LinkedIn is not only for those looking for full-time jobs. Even freelancers can find lucrative work here. It would be a good idea to put up a LinkedIn profile as a freelancer because such profiles tend to show up higher in search results whenever someone tries to Google your name. Keeping an updated and polished profile can potentially bag you an employer since LinkedIn is a highly trusted site for hiring managers.
Try to maintain your professional profile as you would your portfolio or blog. Keep it updated and relevant with your most current skill set, assets, and achievements. You can post some of your latest outputs in its “work samples” section, add some feedback from former clients, and keep your profile picture sharp and current.
You can do anything with social media nowadays -connect with friends and family, market a business, or create awareness for a cause. So what’s stopping you from fulfilling your freelancer dreams and finding clients with social media as well?
You can maintain a professional profile apart from your personal account on Facebook, Instagram, Twitter, Pinterest, or YouTube if applicable. However, there are also social media platforms that cater specifically to freelancers and creatives such as GitHub for developers, Dribble and Behance for creatives, Flickr and Photo Critique for Photographers, and Vimeo for videographers.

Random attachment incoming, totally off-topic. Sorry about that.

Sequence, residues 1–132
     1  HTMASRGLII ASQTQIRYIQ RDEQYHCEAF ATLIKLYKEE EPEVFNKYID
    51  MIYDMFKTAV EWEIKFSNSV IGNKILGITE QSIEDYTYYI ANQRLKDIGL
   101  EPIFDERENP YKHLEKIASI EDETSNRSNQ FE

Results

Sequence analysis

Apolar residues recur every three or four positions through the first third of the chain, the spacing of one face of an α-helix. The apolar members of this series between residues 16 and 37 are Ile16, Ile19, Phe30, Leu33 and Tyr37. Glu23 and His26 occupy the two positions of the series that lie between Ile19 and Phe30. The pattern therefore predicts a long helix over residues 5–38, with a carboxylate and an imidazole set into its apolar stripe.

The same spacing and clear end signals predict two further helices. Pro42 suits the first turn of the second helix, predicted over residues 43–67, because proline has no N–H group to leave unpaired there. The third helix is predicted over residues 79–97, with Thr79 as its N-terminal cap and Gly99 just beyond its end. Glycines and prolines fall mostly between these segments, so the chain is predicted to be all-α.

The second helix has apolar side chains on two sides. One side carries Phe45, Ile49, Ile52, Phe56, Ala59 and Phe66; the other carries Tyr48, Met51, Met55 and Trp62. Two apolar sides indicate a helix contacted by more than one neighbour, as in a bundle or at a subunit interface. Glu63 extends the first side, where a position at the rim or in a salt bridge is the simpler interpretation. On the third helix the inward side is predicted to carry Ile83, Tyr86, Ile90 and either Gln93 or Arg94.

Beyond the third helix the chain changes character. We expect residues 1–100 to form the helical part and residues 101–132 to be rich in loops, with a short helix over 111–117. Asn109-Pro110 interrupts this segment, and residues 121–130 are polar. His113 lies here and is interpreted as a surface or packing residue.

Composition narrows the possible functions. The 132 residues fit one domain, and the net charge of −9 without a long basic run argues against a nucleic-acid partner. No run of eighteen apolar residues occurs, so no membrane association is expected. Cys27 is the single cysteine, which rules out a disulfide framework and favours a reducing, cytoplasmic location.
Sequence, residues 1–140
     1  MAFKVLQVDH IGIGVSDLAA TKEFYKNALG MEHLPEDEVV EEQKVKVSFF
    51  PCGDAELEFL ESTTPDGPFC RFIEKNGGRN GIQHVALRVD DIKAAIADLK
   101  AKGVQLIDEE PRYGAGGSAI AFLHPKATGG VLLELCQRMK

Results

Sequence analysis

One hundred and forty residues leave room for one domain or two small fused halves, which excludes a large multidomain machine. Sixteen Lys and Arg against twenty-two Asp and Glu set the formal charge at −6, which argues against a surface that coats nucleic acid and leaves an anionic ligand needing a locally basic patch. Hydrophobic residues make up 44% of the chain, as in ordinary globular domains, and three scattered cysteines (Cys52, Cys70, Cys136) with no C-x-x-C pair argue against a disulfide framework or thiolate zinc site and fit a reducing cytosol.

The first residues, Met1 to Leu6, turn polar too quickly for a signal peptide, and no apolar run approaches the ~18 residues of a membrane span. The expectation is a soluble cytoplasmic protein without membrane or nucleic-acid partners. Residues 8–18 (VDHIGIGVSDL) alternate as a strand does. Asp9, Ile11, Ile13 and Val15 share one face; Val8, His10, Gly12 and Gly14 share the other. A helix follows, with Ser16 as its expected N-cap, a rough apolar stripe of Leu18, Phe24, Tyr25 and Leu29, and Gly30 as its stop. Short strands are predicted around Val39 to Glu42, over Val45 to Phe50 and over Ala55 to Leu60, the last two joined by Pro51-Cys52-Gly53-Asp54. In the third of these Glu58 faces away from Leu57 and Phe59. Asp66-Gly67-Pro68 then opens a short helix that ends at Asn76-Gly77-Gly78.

Conventions, workshops, seminars, conferences, shows, galleries -there is a full host of options for events that you can go to to meet fellow freelancers and potential clients. Later on in your career, as you get established in the field, you can level up your chances of being booked if you speak at one of those events and get to be positioned as an expert.
Speaking gigs, especially if you do so in potential market events such as business conferences, can be highly lucrative for any freelancer. You gain expert status, get paid to speak about your work and its importance, market your brand, and gain an exponential amount of clients after each event. Of course, you have to know your stuff thoroughly to get to this level. Try to start small, maybe at student level events where you might not even get paid yet, and then work your way up from there.
Never underestimate the power of referrals. It is the best way to get clients even without reaching out to them. A shining recommendation with five-star feedback easily exceeds any resume. They might not even ask to see a portfolio if they trust the person recommending you to them.
Naturally, referrals only follow after you’ve done an excellent job for someone. Make sure that with each client you book, and you do a job that is excellent enough to be referral-worthy. Make it a point to give it your all and don’t skimp on the effort. Invest some time and resources to enhance your freelancing skills and never stop growing and learning new things every day.